Polina Pompliano is the founder, creator and writer at The Profile, a new media company that delivers captivating longform profiles of successful people and companies every week.
Her profiles are renowned for their depth, detail, and insight, and she has written profiles of some of the biggest names in business, entertainment, tech, sports, and more, including Sara Blakely, Elon Musk, Dwayne The Rock Johnson, Dolly Parton, and Kris Jenner.
Prior to founding The Profile, Polina spent five years at Fortune, where she wrote and edited Term Sheet, the publication’s highly-regarded dealmaking newsletter. During her time there, she had the opportunity to interview some of the most influential figures in the industry, including Melinda Gates, Steve Case, Chamath Palihapitiya, and Alexis Ohanian. She holds a degree from the University of Georgia and began her journalism career at CNN and USA Today.
Hi Polina, welcome to Famous Writing Routines! It’s great to have you here with us today. As the founder of The Profile, a media organization that studies successful people and companies. What was the motivation behind starting this company?
I wanted to create something that would do two things: 1) act as a conversation starter with family and friends and 2) improve the content that I was consuming on a daily basis. I started The Profile in February 2017, and it started as a simple newsletter.
Never in my wildest dreams did I ever think it would become a media business that I could work on full-time. The biggest lesson I’ve learned is that every big thing starts small. In my opinion, the things born out of genuine passion can go on to be much more successful than the ones born out of a business plan.
You spent five years at Fortune and wrote over 1,300 articles. Can you share a memorable experience while writing for Fortune?
There are so many unbelievable experiences I had there, but the one that stands out the most was when I interviewed Melinda Gates. It was an interesting look at her investment strategy and how she makes decisions. It was fascinating to better understand how one of the most powerful women on the planet chooses to spend her time and deploy her capital.
As a ruthless protector of your readers’ time, you read an insane amount of longform articles and even worked on The Profile during vacation and in coffee shops with no Wi-Fi. How do you balance your work and personal life?
To me, writing is what gives me joy and makes me feel most like myself. I kept writing before and after having the baby because I have never done it out of obligation. It’s always been out of fulfillment. So there’s no “balance,” but rather, a shifting of priorities. Luckily, The Profile is my livelihood, my priority, and my joy.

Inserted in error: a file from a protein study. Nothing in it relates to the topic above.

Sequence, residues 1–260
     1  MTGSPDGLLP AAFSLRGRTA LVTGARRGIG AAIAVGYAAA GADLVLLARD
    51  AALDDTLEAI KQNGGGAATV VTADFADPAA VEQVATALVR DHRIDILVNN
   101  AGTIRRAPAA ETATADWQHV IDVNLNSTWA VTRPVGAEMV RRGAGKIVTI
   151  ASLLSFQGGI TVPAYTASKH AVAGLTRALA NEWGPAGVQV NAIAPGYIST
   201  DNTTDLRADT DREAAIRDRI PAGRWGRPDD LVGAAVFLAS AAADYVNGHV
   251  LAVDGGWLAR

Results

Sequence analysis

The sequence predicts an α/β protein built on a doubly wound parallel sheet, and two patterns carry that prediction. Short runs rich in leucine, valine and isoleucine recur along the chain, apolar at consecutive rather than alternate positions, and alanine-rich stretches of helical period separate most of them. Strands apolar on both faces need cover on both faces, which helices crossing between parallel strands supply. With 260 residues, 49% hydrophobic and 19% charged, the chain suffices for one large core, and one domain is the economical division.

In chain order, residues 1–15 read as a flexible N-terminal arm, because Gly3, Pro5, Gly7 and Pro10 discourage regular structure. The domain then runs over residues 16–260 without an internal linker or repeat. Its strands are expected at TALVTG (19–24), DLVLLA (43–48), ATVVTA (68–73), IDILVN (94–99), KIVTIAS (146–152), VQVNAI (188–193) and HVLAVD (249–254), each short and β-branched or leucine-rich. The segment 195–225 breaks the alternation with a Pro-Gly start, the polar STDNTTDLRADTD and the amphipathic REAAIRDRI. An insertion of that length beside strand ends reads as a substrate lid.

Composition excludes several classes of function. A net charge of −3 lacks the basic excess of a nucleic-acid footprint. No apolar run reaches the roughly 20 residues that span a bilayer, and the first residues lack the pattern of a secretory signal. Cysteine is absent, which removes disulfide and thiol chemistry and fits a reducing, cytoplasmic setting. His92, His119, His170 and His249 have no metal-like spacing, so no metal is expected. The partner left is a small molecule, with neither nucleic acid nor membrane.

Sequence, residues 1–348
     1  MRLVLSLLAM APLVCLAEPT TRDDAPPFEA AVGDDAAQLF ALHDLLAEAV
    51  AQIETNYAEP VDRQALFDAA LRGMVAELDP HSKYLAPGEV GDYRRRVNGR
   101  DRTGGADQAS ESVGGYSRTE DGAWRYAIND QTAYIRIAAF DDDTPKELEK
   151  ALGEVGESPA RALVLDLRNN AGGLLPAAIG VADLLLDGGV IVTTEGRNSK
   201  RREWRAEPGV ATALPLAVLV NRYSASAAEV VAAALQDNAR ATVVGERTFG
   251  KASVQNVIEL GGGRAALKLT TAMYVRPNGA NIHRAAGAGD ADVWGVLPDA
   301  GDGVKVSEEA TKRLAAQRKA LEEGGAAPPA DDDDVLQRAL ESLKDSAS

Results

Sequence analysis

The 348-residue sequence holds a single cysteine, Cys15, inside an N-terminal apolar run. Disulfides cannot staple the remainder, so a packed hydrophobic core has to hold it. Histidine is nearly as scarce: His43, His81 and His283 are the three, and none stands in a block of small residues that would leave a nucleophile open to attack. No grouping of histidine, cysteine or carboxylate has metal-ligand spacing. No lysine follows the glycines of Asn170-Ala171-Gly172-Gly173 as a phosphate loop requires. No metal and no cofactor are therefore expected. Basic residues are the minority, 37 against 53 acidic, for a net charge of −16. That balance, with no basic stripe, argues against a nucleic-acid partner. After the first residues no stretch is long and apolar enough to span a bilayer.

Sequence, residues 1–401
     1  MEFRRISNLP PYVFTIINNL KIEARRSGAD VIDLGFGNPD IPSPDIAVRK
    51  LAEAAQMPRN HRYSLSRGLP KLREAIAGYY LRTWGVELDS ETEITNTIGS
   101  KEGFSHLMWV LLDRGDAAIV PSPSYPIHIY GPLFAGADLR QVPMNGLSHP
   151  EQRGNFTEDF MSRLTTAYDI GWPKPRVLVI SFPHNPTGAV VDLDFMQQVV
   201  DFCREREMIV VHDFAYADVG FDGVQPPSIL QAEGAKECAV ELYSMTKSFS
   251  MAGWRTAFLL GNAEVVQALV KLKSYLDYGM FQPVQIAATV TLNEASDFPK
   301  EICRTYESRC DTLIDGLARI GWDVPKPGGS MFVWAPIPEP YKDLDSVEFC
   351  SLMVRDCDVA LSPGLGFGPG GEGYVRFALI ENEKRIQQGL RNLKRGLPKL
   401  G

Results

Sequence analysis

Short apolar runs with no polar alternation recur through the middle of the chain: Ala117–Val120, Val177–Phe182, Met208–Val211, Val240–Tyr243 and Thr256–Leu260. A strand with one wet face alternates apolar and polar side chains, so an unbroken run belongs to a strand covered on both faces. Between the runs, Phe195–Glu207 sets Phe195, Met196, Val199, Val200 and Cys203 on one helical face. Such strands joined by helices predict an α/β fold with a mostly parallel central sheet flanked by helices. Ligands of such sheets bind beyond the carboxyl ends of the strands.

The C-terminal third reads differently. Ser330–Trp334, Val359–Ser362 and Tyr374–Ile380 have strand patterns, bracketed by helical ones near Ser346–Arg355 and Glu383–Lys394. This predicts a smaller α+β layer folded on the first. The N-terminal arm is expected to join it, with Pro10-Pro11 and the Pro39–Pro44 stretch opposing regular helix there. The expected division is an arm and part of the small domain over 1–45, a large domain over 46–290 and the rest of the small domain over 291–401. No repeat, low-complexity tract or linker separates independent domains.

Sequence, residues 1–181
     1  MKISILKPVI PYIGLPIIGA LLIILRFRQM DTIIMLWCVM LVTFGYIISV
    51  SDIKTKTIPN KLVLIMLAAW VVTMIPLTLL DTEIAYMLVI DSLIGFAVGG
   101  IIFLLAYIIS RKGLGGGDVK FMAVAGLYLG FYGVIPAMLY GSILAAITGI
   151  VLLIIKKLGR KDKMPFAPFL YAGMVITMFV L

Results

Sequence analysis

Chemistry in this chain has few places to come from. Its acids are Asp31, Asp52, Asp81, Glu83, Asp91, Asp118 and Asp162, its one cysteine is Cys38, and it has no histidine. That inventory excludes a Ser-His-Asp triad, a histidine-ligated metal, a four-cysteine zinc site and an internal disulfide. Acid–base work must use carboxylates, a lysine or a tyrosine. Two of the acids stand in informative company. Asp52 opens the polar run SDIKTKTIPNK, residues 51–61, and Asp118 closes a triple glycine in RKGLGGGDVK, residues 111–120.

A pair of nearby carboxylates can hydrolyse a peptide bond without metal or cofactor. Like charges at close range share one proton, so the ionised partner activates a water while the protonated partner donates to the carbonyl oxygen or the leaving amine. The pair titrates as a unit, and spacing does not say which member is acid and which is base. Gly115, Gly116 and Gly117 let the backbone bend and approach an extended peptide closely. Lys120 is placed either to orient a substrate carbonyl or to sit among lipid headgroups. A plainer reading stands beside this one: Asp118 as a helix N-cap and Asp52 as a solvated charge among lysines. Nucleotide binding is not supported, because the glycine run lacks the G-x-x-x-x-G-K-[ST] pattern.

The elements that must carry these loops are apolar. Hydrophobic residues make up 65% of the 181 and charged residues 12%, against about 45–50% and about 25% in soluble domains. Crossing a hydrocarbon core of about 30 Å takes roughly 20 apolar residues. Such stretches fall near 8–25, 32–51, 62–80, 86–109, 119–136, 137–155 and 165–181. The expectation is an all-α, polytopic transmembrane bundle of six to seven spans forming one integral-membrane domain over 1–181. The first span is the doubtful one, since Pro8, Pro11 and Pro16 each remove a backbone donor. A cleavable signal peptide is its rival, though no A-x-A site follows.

Your priority is to make sure that The Profile does not disappoint readers who expect excellence from your work. Can you tell us more about the curation process for the articles included in The Profile?
Over the years, I’ve learned to sharpen my taste, so I curate what’s interesting to me, and thereby will probably be interesting to my readers. I check websites that often publish great longform content — Fortune, Bloomberg, The Wall Street Journal, The New York Times, GQ, New York Magazine, The New Yorker, ESPN, Vogue, and more — and then I narrow them down to 5 or 6 interesting longform profiles per week.
What do you think sets The Profile apart from other media organizations that focus on successful people and companies?
I think I dive deep into one specific niche — longform profiles of successful people and companies. As far as I know, there aren’t other media organizations that solely focus on that. So when people subscribe to The Profile, they know what to expect.
Can you walk us through your creative process? What does a typical writing day look like for you?
For me, the creative process is more of a practice than a moment of inspiration. When I sit down at my desk, I know that I’m about to go on an adventure with my writing. When I start, I never know where I’ll end up, and that’s what’s thrilling for me. So for me, it involves sitting down at roughly the same time every day, reading a lot, and then jotting down seeds of ideas that turn into essays or profiles.
If you could have a conversation with an author throughout history about their writing routine and creative process, who would that person be?
It would be my grandfather. Few people know that my grandfather (my dad’s dad) was an architect, but he also wrote poetry in his free time. Though he was never a published author, I took a selection of his poems and self-published them for my family to have. He passed away in 2002, but I would love nothing more than the opportunity to be able to ask him about how he managed to use both sides of his brain — the creative and the logical — to produce such amazing work.
I’d love to know about the books you’re reading at the moment. What have been some of your favorite reads?
I’m currently reading The Creative Act by Rick Rubin and Anna by Amy Odell. My favorite books are memoirs. They include Educated by Tara Westover, The Choice by Edith Eva Eger, and The Sun Does Shine by Anthony Ray Hinton.
What does your current writing workspace look like?
Right now, there’s a water bottle, a computer, a printer, a bunch of pens, a notebook, books in between two bookends, a manuscript of my book Hidden Genius, and a framed photo of my daughter. As I mentioned earlier, I can write anywhere, but what I really enjoy is writing late at night when there’s silence and I feel like I’m alone with my thoughts.
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